They come into our lives for such a short time
A time we wouldn't trade not even for a dime
Then before you know it the years have flown by
And then all of the sudden we're saying good-bye
It wasn't that long ago we said our good-byes
We held on to you tight as you closed your eyes
Your spirit has flown home on the wings of a dove
Into God's loving arm's; in heaven above
Over the days we've shed many tears
But the memories we have will live on for years
We feel your presence and we know that your near
You're keeping us safe and calming our fear
We think about memories from years past
When you were young and strong and ran so fast
We remember all the great times that we all had
How you always made us happy never made us mad
They were the best and happiest years we had
We'll always look back on them and never be sad
We look forward to the time we'll be together again
And we thank the Lord for such a great friend
Now you run and play up in Heaven above
Cradled in God's arms covered with his love
Playing by the Bridge waiting for the day
We come down thru the meadow to the bridge to stay
The love that you showed us we'll never forget
Because to us you're one very special pet
You're like a star in the dark of night
Always watching over us with the Lord's light
So now we take time to remember our best friend
Who will always be with us even to the end
We'll always remember you the way you were
One big lovable huggable pile of fur
by John Quealy
Jimmy Stewart Reads a Poem About His Dog Beau
To Love Again
Oh what unhappy twist of fate
Has brought you homeless to my gate,
The gate where once another stood
To beg for shelter warmth and food?
For from that day I ceased to be
The master of my destiny,
While she, with purr and velvet paw
Became within my house the law.
She scratched the furniture and shed
And claimed the middle of my bed,
She ruled in arrogance and pride
And broke my heart the day she died.
So if you really think, oh cat
I'd willingly relive all that,
Because you come forlorn and thin
Well don't just stand there - come on in!
When I Got My New Dog
I asked for strength that I might rear her perfectly;
I was given weakness that I might feed her more treats.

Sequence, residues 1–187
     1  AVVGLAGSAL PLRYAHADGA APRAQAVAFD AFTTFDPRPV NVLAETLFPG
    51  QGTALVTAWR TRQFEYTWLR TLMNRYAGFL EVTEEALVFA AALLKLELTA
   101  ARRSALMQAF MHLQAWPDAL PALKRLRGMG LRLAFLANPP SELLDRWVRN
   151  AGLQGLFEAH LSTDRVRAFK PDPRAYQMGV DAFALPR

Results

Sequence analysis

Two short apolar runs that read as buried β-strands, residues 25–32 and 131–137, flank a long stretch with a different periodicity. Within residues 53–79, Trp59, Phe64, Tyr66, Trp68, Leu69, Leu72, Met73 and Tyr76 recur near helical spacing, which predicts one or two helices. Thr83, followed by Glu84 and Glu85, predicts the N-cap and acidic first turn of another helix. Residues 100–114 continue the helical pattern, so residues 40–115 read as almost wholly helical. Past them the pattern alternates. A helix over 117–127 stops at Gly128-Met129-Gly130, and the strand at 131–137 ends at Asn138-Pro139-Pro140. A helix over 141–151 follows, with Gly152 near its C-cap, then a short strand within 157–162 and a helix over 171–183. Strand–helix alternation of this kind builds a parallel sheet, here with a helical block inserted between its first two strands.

I asked for good health that I might rest easy;
I was given a "special needs" dog that I might know nurturing.
I asked for an obedient dog that I might feel proud;
I was given stubbornness that I might feel humble.
I asked for compliance that I might feel masterful;
I was given a clown that I might laugh.
I asked for a companion that I might not feel lonely;
I was given a best friend that I would feel loved.
I got nothing I asked for,
But everything that I needed.
Tribute to a Dog
"Gentlemen of the jury: the best friend a man has in the world may turn against him and become his worst enemy. His son or daughter that he has reared with loving care may prove ungrateful. Those who are nearest and dearest to us, those whom we trust with our happiness and our good name, may become traitors to their faith. The money that man has, he may lose. It flies away from him, perhaps when he needs it the most. A man's reputation may be sacrificed in a moment of ill-considered action. The people who are prone to fall on their knees to do us honor when success is with us may be the first to throw the stone of malice when failure settles its cloud upon our heads. The one absolutely unselfish friend that a man can have in this selfish world, the one that never deserts him and the one that never proves ungrateful or treacherous... is his dog.
Gentlemen of the Jury: a man's dog stands by him in prosperity and in poverty, in health and in sickness. He will sleep on the cold ground, where the wintry winds blow and the snow drives fiercely, if only he may be near his master's side. He will kiss the hand that has no food to offer, he will lick the wounds and sores that come in encounters with the roughness of the world. He guards the sleep of his pauper master as if he were a prince. When all other friends desert he remains. When riches take wings and reputation falls to pieces, he is as constant in his love as the sun in its journey through the heavens. If fortune drives the master forth an outcast in the world, friendless and homeless, the faithful dog asks no higher privilege than that of accompanying him to guard against danger, to fight against his enemies, and when the last scene of all comes, and death takes the master in its embrace and his body is laid away in the cold ground, no matter if all other friends pursue their way, there by his graveside will the noble dog be found, his head between his paws, his eyes sad but open in alert watchfulness, faithful and true even to death."
by Senator George Graham Vest (in a speech to the jury during the 1870 Burden v. Hornsby court case in Warrensburg, Missouri)